Developer: Martin Gimpl
Price: $2.99
Version Reviewed: 1.0
Device Reviewed On: iPhone 5

Graphics / Sound Rating: ★★★★☆
Game Controls Rating: ★★★½☆
Gameplay Rating: ★★★☆☆
Replay Value Rating: ★★★☆☆

Overall Rating: ★★★½☆

There’s certainly plenty of charm to Zip. It’s just unfortunate that the mechanics behind such charm fails to enthral for any great length of time, even despite the gradual introduction of new challenges.

Players control Zip, a courageous young space cadet who finds himself trapped in a remote area of the galaxy with no fuel to get him home. He must fly his way around the galaxy in order to collect up fuel crystals, bouncing from checkpoint to checkpoint and return home once more. It’s a familiar yet attractive idea and, at first, Zip proves to be quite fun.

Controls are simple with players tapping on either side of the screen with a thumb in order to move around each planet in a 360 degree manner, with tapping both thumbs together initiating a boost move that transports Zip to a planet directly ahead of him. He can’t manoeuvre in any way once in flight so lining him perfectly is vital, so that he doesn’t go out into never ending space. Awkwardly, players can’t go straight into a jump from moving with a slight delay required to initiate the movement. Something that can make all the difference in trickier stages of the game.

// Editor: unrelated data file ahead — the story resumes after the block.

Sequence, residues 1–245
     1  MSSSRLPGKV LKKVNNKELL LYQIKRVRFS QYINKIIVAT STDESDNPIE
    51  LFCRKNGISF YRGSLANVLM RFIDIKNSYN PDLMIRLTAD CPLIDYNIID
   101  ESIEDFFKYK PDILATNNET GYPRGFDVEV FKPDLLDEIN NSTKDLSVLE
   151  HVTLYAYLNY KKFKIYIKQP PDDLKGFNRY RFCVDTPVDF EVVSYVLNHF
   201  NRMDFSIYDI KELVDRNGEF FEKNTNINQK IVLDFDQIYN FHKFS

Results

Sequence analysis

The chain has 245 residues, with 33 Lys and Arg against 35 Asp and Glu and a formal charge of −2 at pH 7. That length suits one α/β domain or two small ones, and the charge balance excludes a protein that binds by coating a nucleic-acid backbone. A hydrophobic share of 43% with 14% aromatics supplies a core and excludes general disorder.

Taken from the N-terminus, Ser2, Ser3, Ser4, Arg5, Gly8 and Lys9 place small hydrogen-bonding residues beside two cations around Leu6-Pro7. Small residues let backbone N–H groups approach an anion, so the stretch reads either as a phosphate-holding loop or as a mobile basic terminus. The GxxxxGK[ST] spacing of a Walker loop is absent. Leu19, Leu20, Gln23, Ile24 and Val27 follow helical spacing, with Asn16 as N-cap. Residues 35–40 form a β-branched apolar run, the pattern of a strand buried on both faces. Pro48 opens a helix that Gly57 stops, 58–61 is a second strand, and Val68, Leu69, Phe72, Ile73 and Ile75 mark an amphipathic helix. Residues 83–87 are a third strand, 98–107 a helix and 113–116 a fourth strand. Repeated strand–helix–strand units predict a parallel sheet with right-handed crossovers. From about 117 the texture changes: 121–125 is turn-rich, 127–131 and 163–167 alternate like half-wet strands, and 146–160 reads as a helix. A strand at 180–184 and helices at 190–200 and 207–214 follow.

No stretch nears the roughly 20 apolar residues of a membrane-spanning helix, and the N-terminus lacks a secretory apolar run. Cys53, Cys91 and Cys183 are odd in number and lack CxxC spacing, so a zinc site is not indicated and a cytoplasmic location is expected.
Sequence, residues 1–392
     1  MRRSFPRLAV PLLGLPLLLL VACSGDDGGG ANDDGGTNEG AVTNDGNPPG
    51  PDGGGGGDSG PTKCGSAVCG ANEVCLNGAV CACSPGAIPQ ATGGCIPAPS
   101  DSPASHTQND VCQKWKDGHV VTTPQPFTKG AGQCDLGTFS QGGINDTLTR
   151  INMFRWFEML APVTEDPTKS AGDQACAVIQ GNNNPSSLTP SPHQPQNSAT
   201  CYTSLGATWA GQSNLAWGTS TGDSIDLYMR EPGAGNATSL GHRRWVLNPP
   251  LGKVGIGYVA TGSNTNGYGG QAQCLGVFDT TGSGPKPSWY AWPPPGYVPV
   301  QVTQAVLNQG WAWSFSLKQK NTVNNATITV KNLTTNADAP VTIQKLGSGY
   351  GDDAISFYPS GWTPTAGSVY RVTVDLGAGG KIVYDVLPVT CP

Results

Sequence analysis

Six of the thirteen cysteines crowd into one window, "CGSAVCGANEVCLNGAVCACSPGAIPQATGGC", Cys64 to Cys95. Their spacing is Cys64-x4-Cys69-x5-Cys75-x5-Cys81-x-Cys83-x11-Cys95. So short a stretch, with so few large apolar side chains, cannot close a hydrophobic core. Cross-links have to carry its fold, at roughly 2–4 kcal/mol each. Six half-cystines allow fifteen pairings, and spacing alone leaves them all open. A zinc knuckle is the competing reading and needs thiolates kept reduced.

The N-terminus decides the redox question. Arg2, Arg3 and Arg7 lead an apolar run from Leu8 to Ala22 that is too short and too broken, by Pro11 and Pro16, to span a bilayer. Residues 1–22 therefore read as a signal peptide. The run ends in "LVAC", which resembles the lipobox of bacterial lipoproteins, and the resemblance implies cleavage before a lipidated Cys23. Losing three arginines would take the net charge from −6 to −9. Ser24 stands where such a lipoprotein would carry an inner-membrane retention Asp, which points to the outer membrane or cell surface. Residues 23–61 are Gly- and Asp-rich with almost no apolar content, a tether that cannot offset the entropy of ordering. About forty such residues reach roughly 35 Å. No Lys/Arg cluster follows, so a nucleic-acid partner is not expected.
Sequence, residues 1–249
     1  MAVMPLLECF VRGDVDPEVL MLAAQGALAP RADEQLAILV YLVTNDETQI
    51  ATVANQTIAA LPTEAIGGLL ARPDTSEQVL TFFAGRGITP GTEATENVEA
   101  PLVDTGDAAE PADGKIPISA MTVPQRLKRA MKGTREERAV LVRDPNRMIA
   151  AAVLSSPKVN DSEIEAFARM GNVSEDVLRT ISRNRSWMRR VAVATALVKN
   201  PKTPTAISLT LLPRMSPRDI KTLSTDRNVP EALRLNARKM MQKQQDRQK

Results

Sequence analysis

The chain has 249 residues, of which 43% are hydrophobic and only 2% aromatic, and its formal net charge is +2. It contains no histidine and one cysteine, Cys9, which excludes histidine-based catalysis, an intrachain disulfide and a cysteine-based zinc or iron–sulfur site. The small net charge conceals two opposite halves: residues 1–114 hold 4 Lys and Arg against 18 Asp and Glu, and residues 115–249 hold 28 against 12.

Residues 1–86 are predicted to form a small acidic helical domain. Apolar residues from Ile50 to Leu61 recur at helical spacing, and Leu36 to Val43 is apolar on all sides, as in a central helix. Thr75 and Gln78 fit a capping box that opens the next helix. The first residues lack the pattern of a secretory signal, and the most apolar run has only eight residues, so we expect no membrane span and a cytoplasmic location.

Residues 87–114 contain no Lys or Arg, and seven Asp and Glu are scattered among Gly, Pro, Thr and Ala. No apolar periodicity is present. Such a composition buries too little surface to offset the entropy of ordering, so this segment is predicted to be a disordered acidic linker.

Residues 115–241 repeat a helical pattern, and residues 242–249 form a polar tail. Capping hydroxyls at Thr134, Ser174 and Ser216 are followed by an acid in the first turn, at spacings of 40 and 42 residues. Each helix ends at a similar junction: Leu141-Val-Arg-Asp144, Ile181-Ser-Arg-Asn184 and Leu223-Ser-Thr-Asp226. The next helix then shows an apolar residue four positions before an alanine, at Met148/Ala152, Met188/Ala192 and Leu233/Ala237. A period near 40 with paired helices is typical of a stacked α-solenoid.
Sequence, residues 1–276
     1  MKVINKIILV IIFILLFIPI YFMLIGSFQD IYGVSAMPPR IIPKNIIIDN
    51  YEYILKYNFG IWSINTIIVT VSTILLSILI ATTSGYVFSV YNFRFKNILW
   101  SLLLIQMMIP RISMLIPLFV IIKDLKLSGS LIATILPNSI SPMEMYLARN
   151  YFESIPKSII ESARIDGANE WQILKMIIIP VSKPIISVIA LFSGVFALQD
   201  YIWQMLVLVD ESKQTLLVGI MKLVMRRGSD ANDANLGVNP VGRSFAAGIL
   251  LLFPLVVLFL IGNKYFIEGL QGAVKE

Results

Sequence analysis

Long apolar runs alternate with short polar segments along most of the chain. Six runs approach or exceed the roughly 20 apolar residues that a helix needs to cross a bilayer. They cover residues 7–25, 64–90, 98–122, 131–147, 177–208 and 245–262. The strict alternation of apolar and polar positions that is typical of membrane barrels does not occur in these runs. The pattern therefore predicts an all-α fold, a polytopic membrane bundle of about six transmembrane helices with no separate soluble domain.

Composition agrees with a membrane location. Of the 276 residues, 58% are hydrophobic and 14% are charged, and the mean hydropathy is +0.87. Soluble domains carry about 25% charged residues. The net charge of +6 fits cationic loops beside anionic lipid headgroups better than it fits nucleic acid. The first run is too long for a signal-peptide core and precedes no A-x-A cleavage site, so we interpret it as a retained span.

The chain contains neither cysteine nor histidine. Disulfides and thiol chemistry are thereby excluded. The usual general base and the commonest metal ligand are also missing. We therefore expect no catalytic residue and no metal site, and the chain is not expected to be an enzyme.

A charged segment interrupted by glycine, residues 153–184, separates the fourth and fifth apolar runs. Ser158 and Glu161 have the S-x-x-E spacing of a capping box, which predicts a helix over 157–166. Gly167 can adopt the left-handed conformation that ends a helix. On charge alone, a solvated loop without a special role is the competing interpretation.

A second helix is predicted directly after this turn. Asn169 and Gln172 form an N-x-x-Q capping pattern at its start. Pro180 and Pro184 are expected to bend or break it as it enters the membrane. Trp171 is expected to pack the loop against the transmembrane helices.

Zip gradually offers more challenges than simply lining up moving between planets, with enemies and asteroids. Some enemies can bounce between planets making it tricky to avoid them, especially when on an ice based planet that causes Zip to stumble. There’s a real trial and error feeling to things as, ultimately, there’s no real punishment to being defeated. Instead, players go back to an earlier checkpoint and try to plan their route more efficiently. Holding down two fingers to the screen zooms out the level so it’s possible to see what route to take, as well as the ever helpful arrow that always demonstrates where to go next.

The problem is, while tough, it just isn’t overly interesting after a time. The stop/start nature of the controls means it doesn’t feel very involving, but also, it’s just not that gripping. Even the prospect of boss battles of a sort, fail to entice. It’s a real shame as Zip is charming and has a healthy dose of humor, too, but its mechanics are lacking. It all feels a little too functional at times to truly appeal.

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